Amazon is introducing a new system that gives customers the ability to remotely grant access to their homes for online deliveries. The service known as Amazon Key relies on a mobile app together with Amazon’s new intelligent security camera Cloud Cam and a compatible smart lock.
Prime members using Amazon Key can shop online and select the fulfilment method “in-home delivery”. This then grants access for Amazon couriers to open the front door and place packages securely inside the shopper’s home.
When a courier arrives to deliver the package, the item is scanned and Amazon’s cloud system checks whether the delivery is in the right location before granting access. The camera starts recording and customers receive a notification and can watch the delivery in real-time or later on their mobile phone.
Amazon Key will be available in 37 US cities from 8 November, with more locations rolling out over time. An Amazon Key package including camera, a smart lock and free installation will cost USD249.99 (EUR225.85)
Amazon is continually working on new ways to solve the biggest issue for online shopping – what to do when the shopper is not there. From click & collect to Amazon lockers and even working with Audi to deliver items to the boots of our cars, it is a problem in which the retailer is investing much time and effort trying to solve for customers. Not only Amazon, Walmart is also active in this space. In September it was reported that Walmart was testing a concept with a third party same-day delivery company Deliv, to deliver groceries straight to customers’ fridges. This also works using a smart lock and a one-time passcode that is received by the courier to gain access.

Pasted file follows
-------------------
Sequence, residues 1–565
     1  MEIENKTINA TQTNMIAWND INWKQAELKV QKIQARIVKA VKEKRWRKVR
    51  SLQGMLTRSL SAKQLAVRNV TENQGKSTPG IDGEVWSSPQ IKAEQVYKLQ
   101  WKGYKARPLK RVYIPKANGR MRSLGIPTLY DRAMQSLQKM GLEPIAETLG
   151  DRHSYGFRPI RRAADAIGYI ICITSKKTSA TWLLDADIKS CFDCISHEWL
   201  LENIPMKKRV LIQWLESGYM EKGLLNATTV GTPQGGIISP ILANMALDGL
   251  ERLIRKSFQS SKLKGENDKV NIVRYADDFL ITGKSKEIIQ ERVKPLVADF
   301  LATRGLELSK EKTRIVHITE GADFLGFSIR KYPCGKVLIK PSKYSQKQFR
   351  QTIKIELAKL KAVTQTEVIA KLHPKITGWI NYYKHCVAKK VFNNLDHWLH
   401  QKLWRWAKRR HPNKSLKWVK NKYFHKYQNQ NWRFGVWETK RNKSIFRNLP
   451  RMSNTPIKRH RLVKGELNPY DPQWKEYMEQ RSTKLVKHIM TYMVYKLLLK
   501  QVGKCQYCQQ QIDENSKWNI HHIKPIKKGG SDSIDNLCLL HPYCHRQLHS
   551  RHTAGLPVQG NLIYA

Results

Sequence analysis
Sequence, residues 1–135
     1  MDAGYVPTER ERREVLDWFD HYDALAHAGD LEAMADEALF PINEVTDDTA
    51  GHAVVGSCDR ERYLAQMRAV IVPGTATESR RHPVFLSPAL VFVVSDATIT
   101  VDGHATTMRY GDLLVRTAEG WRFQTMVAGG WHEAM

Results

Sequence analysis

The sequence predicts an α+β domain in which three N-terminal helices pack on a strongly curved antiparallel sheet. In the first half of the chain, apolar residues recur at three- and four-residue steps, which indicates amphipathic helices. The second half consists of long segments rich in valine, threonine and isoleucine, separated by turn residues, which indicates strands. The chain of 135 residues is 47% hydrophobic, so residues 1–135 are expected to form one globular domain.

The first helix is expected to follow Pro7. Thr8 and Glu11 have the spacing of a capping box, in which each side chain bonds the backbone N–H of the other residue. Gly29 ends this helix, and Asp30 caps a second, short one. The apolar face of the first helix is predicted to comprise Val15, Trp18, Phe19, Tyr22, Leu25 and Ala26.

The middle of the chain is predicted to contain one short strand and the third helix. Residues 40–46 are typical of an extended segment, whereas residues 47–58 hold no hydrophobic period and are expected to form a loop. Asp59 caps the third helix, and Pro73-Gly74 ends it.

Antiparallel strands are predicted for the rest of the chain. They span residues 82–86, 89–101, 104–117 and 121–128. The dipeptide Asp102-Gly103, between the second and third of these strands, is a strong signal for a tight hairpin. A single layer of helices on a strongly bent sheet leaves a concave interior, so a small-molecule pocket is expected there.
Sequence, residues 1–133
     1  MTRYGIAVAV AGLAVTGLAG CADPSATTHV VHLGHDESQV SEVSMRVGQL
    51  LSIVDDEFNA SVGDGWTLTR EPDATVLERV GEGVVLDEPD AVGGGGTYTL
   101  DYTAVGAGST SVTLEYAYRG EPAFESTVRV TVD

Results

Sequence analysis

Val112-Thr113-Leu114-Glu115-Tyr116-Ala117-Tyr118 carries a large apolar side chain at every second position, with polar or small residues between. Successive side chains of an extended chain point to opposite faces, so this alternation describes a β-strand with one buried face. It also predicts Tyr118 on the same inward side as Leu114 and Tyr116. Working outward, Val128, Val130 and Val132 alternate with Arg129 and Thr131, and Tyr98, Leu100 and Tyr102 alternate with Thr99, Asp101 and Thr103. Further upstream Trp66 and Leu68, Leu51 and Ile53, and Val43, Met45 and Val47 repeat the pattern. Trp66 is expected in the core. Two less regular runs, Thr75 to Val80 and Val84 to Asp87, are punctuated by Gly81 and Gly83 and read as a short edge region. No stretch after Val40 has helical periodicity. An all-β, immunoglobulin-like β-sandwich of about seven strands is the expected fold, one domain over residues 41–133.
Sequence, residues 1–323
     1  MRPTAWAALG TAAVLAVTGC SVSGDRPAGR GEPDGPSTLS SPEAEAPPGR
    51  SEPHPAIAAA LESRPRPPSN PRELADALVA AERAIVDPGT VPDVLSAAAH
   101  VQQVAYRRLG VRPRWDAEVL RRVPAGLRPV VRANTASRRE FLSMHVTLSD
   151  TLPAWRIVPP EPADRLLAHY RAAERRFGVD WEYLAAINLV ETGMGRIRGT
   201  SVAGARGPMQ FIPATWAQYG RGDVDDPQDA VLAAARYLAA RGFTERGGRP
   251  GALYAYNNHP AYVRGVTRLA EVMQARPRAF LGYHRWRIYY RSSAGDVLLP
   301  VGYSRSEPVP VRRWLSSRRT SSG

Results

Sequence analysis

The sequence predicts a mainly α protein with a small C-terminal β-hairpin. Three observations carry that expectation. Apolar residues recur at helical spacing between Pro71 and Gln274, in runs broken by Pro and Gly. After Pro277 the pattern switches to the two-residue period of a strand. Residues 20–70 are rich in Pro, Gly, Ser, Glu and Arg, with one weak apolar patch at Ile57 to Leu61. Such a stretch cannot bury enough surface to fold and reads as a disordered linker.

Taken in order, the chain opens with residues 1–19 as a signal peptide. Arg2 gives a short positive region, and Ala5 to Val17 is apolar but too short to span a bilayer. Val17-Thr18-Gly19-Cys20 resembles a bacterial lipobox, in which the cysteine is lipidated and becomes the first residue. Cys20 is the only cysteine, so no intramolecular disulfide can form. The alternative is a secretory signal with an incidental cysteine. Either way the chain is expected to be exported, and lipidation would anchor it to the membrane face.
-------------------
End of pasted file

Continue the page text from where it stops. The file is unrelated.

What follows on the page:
Amazon’s latest solution certainly fixes the growing problem of so-called “porch pirates” taking packages when they are left outside our homes in an unattended delivery. But it introduces new challenges, around trust and security. Amazon may be one of the most trusted retail brands on the planet, but it appears to be a big leap of faith to allow its couriers directly into our homes. For this reason it is the most loyal shoppers that are being targeted, Amazon Prime members, and only in cities where deliveries are made by Amazon Logistics. Yet, despite these assurances, it seems that there are plenty of risks in terms of security that might make it difficult for shoppers to overcome the trust barrier. It would only take one breach to destroy Amazon’s credibility on this.
Additionally, the system can only be used when shopping on Amazon, which makes it rather limited in terms of its usability. Surely shoppers that have this problem and are willing to let Amazon couriers into their homes are likely to want to be able to do this for their packages from other retailers as well?
Yet, a solution like this may not always require access direct into our homes. The system may work well for shoppers where they have a “safe” area that packages can be left that is not directly inside the living space of the home. A secure garage, porch or apartment lobby, for instance. Perhaps with this in mind we will see new homes being built with two secure doors and perhaps even a fridge just inside. Smart solutions are here to stay and they are continuing to evolve to become smarter and safer. Whether Amazon will dominate in this space seems dubious, but it is certainly upping the stakes in its search for solutions.